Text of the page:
On the heels of New Jersey Gov. Chris Christie announcing his one-year goal of implementing a drug treatment plan for the state Department of Corrections, this week the state of Georgia is also continuing down the path for more treatment for non-violent offenders through its drug court program.
The Atlanta Journal-Constitution reported March 4 that Georgia Gov. Nathan Deal is proposing for this year’s budget to quintuple the state’s current drug court funding to $10 million.
Right now there are 101 drug courts — or “accountability courts” as part of a larger program — in Georgia. In most of the court systems, offenders are required to work, stay sober and get treatment.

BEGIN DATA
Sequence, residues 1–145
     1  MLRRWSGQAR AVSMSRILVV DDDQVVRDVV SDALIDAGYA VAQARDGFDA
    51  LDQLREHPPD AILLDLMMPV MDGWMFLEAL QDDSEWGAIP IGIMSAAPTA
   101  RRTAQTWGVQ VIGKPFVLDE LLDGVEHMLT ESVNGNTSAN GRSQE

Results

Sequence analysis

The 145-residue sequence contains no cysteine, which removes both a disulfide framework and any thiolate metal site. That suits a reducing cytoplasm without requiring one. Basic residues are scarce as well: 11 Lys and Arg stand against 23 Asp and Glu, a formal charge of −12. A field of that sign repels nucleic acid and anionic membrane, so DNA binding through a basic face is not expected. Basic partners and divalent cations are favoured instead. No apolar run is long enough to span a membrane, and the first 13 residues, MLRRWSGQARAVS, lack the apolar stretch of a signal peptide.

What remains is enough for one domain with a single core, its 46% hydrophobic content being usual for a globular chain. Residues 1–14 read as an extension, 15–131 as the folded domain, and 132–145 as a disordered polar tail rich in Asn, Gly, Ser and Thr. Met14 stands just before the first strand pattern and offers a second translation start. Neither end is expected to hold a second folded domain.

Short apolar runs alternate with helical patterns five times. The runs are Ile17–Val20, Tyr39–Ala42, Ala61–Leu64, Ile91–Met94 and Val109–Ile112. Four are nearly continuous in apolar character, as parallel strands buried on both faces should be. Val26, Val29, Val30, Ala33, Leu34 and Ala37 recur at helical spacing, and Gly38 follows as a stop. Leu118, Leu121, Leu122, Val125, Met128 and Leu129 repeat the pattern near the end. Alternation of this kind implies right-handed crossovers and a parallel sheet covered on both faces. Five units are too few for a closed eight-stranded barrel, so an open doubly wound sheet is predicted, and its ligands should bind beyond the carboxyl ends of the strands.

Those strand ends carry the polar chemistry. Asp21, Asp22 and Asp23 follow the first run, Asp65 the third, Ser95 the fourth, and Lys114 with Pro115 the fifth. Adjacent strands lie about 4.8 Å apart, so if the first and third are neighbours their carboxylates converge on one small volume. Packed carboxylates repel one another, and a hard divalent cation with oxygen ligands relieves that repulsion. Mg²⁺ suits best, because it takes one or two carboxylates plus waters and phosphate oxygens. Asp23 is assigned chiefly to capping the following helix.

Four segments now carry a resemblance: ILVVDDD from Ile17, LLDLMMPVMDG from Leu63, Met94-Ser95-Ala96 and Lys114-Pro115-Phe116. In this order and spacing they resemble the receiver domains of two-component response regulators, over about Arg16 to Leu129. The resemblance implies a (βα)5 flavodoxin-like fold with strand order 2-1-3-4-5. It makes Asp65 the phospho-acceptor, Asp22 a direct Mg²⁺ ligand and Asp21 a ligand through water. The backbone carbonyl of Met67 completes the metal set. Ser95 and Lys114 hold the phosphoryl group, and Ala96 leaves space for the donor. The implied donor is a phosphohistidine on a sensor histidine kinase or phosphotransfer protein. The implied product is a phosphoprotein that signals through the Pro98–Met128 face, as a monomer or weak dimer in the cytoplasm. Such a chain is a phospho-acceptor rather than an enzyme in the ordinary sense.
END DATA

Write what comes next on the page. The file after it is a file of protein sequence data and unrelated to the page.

A defendant’s time in an accountability court can be one year or more.
According to The Atlanta Journal-Constitution (AJC), the state of Georgia legal system has typically dealt with crime in one way — locking people up. But this catch-all method has led to a $1 billion annual corrections budget that grows every year, and there is also a high recidivism rate in those that leave prison, meaning they continue to commit illegal or criminal acts even after they are released from prison. Minor offenders who entered prison are also found to leave as more major offenders after their time in the system.
A 2010 survey showed the retention rate for those who entered Georgia’s drug courts was 77.6 percent, the Administrative Office of the Courts told the AJC.
To read the full Atlanta Journal-Constitution article on Georgia’s accountability courts, click here.